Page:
Read Judges 7:2-9: The Lord said to Gideon, “The people with you are too many for me to give the Midianites into their hand, lest Israel boast over me, saying, ‘My own hand has saved me.’ 3 Now therefore proclaim in the ears of the people, saying, ‘Whoever is fearful and trembling, let him return home and hurry away from Mount Gilead.’” Then 22,000 of the people returned, and 10,000 remained. 4 And the Lord said to Gideon, “The people are still too many. Take them down to the water, and I will test them for you there, and anyone of whom I say to you, ‘This one shall go with you,’ shall go with you, and anyone of whom I say to you, ‘This one shall not go with you,’ shall not go.” 5 So he brought the people down to the water. And the Lord said to Gideon, “Every one who laps the water with his tongue, as a dog laps, you shall set by himself. Likewise, every one who kneels down to drink.” 6 And the number of those who lapped, putting their hands to their mouths, was 300 men, but all the rest of the people knelt down to drink water. 7 And the LORD said to Gideon, “With the 300 men who lapped I will save you and give the Midianites into your hand, and let all the others go every man to his home.” 8 So the people took provisions in their hands, and their trumpets. And he sent all the rest of Israel every man to his tent, but retained the 300 men. And the camp of Midian was below him in the valley. 9 That same night the Lord said to him, “Arise, go down against the camp, for I have given it into your hand.
Questions to consider
- Judges 7:2 shows that as humans, we will naturally boast in our own work. What do you think Gideon was thinking when his army went from an already overmatched 32,000 Israelites against 135,000 Midianites to only 10,000 Israelites?
- In what way is boasting “over”/against God (v.2)?
- How does our sinful nature to boast in ourselves change the way we respond to areas of weakness in our lives? (See 2 Cor 12:5-10)
- This was a great test of Gideon’s faith. Although outnumbered almost 1 to 4, God thought his army was too big, and He commanded Gideon to invite all who were afraid to go home. Gideon was probably surprised at the number of men who were afraid to fight and hoped that only a few hundred would leave. But we are told that they assembled in a place where they could see the 135,000 Midianite troops (Judges 7:8). This sight of the huge opposing army must’ve left Gideon and the Israel army afraid.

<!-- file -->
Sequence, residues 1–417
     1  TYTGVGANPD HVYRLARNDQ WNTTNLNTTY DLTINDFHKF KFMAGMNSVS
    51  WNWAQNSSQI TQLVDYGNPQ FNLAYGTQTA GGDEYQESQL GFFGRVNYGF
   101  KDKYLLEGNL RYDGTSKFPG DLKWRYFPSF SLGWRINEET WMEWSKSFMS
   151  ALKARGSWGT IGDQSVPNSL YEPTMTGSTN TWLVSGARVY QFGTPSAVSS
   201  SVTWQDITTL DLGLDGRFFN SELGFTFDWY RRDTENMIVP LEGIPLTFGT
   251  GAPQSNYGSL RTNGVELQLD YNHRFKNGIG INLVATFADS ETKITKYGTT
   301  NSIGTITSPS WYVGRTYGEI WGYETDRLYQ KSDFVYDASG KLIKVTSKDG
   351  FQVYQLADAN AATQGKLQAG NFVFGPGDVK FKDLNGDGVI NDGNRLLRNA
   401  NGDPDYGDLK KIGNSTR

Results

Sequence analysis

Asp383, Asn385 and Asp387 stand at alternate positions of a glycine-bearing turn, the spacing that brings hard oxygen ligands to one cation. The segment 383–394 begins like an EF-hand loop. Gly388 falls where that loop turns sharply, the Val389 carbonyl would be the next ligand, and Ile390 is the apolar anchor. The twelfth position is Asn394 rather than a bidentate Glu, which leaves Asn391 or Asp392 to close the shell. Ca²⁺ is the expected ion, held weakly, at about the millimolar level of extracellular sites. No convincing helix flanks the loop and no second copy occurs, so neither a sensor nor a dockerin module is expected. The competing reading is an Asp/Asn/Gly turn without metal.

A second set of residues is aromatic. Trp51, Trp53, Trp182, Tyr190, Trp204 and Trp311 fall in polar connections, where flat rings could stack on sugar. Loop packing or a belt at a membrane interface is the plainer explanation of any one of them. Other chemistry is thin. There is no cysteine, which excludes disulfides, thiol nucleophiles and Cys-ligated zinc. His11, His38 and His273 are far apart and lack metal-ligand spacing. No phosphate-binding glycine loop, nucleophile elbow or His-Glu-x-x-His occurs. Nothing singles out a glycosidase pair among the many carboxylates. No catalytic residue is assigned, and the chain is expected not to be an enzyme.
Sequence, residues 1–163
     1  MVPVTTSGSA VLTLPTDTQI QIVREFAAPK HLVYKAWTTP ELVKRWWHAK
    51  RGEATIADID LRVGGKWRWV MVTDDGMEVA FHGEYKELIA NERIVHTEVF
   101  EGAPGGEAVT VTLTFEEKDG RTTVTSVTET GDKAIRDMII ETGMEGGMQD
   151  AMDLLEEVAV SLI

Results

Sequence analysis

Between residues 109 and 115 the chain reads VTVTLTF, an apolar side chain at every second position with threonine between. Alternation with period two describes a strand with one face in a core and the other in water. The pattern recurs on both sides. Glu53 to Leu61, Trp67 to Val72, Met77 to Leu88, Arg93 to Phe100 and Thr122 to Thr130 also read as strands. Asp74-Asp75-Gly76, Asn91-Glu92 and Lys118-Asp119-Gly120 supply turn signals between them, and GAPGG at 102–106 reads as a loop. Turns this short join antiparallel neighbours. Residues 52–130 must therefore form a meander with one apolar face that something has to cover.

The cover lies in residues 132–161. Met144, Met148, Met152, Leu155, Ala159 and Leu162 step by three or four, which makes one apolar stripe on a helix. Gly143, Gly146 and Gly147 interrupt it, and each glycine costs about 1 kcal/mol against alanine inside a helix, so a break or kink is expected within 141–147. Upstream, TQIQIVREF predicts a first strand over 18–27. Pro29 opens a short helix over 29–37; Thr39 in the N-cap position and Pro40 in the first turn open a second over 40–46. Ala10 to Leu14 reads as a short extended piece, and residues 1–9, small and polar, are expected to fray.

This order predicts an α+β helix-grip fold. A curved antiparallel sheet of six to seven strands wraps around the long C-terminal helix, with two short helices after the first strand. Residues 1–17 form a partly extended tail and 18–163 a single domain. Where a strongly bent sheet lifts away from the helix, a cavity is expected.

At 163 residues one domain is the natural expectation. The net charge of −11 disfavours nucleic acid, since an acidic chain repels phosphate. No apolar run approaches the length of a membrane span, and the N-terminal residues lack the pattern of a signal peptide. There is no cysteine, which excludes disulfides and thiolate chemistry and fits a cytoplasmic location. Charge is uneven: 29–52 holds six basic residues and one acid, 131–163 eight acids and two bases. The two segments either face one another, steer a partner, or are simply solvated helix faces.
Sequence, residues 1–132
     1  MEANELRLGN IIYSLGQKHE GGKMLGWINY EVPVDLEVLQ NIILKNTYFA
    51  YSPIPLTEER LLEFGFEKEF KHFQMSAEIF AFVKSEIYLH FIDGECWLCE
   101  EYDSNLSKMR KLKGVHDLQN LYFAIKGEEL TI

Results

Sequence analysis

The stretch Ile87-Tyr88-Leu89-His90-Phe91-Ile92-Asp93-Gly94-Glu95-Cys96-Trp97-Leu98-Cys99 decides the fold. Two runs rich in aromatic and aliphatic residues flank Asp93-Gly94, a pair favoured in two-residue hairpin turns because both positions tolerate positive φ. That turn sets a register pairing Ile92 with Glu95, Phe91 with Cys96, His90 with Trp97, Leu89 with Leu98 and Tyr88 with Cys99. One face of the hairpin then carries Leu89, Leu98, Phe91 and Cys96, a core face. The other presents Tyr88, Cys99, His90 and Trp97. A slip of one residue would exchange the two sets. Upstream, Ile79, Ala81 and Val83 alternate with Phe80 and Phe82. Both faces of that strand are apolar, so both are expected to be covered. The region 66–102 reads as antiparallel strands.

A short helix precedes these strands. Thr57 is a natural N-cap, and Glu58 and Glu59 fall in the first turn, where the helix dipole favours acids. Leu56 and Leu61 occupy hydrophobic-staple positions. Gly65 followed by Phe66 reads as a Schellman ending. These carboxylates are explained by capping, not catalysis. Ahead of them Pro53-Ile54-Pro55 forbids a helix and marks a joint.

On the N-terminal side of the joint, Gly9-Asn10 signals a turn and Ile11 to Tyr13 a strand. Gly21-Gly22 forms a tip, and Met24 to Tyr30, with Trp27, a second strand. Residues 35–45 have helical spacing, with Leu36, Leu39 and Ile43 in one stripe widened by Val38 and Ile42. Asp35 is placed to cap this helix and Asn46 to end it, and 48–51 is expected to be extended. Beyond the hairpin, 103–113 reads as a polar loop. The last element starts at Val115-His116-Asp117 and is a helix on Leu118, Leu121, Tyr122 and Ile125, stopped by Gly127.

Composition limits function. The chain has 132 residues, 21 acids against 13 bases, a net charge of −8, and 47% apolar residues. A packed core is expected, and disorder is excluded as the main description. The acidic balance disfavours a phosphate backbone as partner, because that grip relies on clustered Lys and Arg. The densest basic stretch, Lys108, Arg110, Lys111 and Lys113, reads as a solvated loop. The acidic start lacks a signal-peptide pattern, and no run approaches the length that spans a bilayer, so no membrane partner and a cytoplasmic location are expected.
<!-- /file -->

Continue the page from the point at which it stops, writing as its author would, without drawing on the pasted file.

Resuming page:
- This explains why the army of 32,000 was too large. Israel could still take credit for a victory if they had 32,000 troops. They could believe they were underdogs who triumphed through their own great bravery or strategy. God wanted the odds so bad that the victory would clearly be His alone. If we really believe the principle, “Not by might nor by power, but by My Spirit, says the LORD of hosts (Zechariah 4:6), then our smallness does not matter.
- Paul was not immune to the danger of pride. No one is. Even the best of God’s people have in them a root of pride, or a disposition to be exalted above measure, upon their receipt of grace from God not common to others. Paul was desperate in his desire to find relief from his burden but knew that God’s method was to give sufficient grace. We don’t really believe God’s grace is sufficient until we believe we are insufficient. Especially in American culture, this is a huge obstacle. We want to be “self-made” and want to rely on ourselves. We can’t receive God’s strength until we know our weakness.
From the OT (how God set Israel free from Egypt; how He warred on their behalf in bringing them into the promised land; and how He turned to war against them when they no longer followed Him), into the NT (how the Messiah accomplished salvation by way of the Cross) and ending in the return of Christ and renewal of all things, the Bible is about a God who wars on behalf of His people. Often, we can feel that we are fighting our battles on our own, wondering if God really cares about what we are going through. I want to invite you to surrender the biggest battles that you are currently facing, meditating on the entire counsel of Scripture until you experience God’s peace and His fighting on our behalf.